Santa Mandala Yin Practice

Greetings, yoga friends!

We’re only a few days out from Christmas, and I hope this finds you calm, cool and collected. Standing tall and breathing deeply, yes?

One of my favorite yoga teachers posted a timely video yesterday about creating a yin practice in the midst of holiday yang energy. It was timely for me because I’d found myself feeling the things he described for this time of year – a little burnt out and kind of resentful. With so much on our to-do lists, maybe not eating as healthy as we’d like, rushing from one activity to the next…well, it had begun to take a toll on me.

As I listened to my teacher’s words, I paid close attention to his suggestion to do something exquisite for myself. He encouraged listeners to find an activity with yin properties – something to relax and soothe the body, mind and spirit. When called to think of way to relax, my mind goes straight to mandala drawing. So I pulled out my sketchbook, mapped out the base of a blank mandala and began.

And the next thing you know, I’d drawn a ring of Santa faces and felt myself settle in. I love how the Universe provides what we need at just the right time. My teacher’s video, a reminder to return to my mandala practice, sitting quietly and allowing creativity to take the reins…it was just the shift I needed.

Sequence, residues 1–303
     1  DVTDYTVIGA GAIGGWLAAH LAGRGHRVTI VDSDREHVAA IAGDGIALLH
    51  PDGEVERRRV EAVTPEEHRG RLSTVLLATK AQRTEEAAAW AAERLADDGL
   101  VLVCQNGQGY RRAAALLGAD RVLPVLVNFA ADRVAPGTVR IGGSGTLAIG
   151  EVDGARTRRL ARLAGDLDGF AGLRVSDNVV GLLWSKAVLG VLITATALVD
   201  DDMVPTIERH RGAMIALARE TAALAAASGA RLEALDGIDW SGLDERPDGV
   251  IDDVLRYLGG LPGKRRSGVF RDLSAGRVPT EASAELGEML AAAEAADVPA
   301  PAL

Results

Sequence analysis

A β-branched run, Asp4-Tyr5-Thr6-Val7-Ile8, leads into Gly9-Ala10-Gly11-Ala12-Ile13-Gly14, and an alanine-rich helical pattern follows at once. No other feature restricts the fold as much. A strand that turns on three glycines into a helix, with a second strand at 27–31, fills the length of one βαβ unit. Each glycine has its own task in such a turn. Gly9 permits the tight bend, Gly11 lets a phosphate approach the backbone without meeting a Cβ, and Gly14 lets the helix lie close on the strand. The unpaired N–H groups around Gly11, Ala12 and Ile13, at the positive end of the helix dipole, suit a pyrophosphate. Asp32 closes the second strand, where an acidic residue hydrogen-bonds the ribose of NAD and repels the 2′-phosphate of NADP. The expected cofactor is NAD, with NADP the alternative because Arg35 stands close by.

Perhaps you could use a little time-out yourself. What feeds your soul when you need a little yin time? I uploaded a copy of my Santa mandala that you can print and color if you’d like. (Find it by clicking here.)

And if you’re still caught up in the hustle and bustle of the holiday rush, do take good care and be kind to yourself. I believe you’ll find the results well worth the effort.

Merry Christmas, yoga friends!

See all the hearts


My husband, Doug, and I have the good fortune of having a young person in our lives. Aaron is the 7-year old son of our daughter’s boyfriend, and we’ve taken him under our wings with much joy and affection.

One of the things Aaron loves to do when he visits our house is play pool with Doug. We have a short cue stick that Aaron uses – it’s “his” stick – and Doug is teaching him the proper way to play the game. They’ve worked on hand placement, cue stick holding, rules of the game and terminology. Aaron will tell you, “I won from Doug one time because he scratched on the eight ball.”

Last week Aaron created a homemade birthday card for Doug, complete with a drawing of our pool table and a picture of Doug wearing a shirt with a deer on it. (Makes me smile to even type that!) You’ll notice that the pool table is surrounded by many hearts.

As Doug opened the envelope containing Aaron’s card, the sweet little boy covered his face with both hands and said, “Don’t see all the hearts,” suddenly embarrassed by the fact that he was expressing affection toward Doug.